A New Wave of Gadgets Gives Us Fresh Ways to Spy on Ourselves

Move over Fitbit. These new devices go beyond counting steps to track everything from fat to fear to fertility

Wondering how your stomach is handling that In-N-Out Double Double you wolfed down for lunch? Wonder no more—there’s now a device that keeps track of your digestive system’s food absorption capabilities. Also, gizmos that monitor your sleep patterns, your heart rate, your blood-oxygen levels, even your posture. In fact, there are so many personal surveillance gadgets on the market these days, it’s downright stressful deciding which to plug into your body. Fortunately, there’s a device that measures anxiety, too.

Why bother balancing a book on your head when you can strap an Upright Go device onto your upper back? It delivers a vibrating zap whenever its biosensors detect slouching, sort of like those electronic dog collars that keep Spot from straying. $80 at uprightpose.com.

Exactly why this sleep monitoring bracelet is waterproof is anyone’s guess—in case you drift off in the bathtub? But Whoop not only tracks your bedtime habits, it recommends ideal times to call it a night, recommends the exact number of hours of shut-eye you’ll need, and keeps tabs on your heart and respiratory rates. $30 at whoop.com.

Another bracelet, but this one is designed to help with other bedtime activities. Ava’s fertility sensor collects data—skin temperature, pulse, heart rhythm, blood circulation, breathing rates—to help you identify the optimum time to try for a baby. $279 at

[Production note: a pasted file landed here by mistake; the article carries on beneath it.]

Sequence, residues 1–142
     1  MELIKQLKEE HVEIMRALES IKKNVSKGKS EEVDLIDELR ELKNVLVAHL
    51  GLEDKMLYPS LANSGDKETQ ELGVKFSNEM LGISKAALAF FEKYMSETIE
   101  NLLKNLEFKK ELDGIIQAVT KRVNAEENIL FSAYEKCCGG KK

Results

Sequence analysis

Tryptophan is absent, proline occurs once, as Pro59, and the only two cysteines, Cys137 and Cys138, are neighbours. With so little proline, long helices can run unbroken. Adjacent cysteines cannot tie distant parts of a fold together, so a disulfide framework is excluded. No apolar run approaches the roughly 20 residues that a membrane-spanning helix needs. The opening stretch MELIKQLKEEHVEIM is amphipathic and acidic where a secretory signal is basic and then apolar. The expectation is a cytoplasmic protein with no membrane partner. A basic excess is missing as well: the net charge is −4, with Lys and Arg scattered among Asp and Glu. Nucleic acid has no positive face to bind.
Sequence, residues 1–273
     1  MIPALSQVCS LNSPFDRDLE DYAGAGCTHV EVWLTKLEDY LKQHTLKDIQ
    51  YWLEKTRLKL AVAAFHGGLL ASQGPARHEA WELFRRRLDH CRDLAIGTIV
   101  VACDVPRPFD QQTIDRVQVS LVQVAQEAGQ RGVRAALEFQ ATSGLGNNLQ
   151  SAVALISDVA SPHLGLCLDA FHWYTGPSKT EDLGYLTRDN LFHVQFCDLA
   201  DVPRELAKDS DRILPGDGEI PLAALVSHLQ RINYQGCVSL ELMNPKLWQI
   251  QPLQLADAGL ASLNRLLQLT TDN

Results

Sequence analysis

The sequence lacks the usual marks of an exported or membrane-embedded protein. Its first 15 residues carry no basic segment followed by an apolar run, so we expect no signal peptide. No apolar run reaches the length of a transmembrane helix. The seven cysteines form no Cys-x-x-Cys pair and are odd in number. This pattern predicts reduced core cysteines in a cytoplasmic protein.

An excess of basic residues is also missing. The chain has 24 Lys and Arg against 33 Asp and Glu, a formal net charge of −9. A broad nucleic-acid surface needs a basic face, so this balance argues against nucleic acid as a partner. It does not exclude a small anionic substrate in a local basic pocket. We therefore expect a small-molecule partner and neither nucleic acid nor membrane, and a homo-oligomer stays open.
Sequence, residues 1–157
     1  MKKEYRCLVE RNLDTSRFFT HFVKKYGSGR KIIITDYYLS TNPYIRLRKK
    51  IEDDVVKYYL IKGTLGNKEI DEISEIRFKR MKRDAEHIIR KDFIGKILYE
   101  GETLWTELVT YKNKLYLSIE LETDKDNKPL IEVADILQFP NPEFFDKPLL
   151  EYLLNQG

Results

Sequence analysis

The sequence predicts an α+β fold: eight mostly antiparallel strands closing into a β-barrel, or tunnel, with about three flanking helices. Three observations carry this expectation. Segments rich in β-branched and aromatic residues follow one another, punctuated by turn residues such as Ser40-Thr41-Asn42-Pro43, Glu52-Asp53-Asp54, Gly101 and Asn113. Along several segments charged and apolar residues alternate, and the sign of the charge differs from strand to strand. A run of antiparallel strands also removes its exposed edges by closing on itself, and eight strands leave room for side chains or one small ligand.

Amazon is already collecting data on your shopping habits, taste in books and movies, and grocery choices. Now it wants to know how you feel. The Halo bracelet listens in on your conversations to measure your voice’s timber for signs of irritability, fear, or joy. Pair it with your cell-phone camera and as a bonus it will create a 3D scan of your body fat. Yes, that’s right, soon-to-be-ex-CEO Jeff Bezos now wants your underwear pics, too. $99 at amazon.com.

This futuristic ring—designed by a Finnish start-up—made headlines after researchers at UC San Francisco and UC San Diego suggested that the Oura might be useful in flagging infectious illnesses, like Covid-19, by monitoring body temperature and heart rate with tiny sensors. But that’s just scratching the surface of what this high-tech bling can do: it also tracks calorie burn, sleep patterns, activity rates, and respiratory rhythms. $299 at oura.com.

After you’ve finished feasting, simply breathe into Food Marble’s portable Aire device and an app will tell you how much damage you’re doing to your colon, or at least track how well you’re absorbing what you eat. Another diet-related device, the Tellspec, lets you scan your food with a spectrometer, sends that data to its “analysis engine” in the cloud, then beams back a report to your iPhone. The whole process takes about ten seconds, just enough time to shove another Twinkie into your mouth. $159 at foodmarble.com. $1,999 at tellspec.com.

The Works
Apple stuffs so many high-tech features into its latest Series 6 smartwatch, you can practically launch a SpaceX rocket with it. Along with a pulse oximeter, there’s an altimeter—so hikers and skiers can track their elevation—and an ECG for do-it-yourself electrocardiograms. This watch is quite literally a life saver. Starting at $399 at apple.com.

Devices that merely count steps? So 2000 and late. The new Venu SQ smartwatch does everything but wash your gym clothes. Heart rate, respiration, hydration, blood-oxygen levels—it tracks them all. Plus, it pings motivational messages: “Put that cookie down!” $200 at garmin.com.

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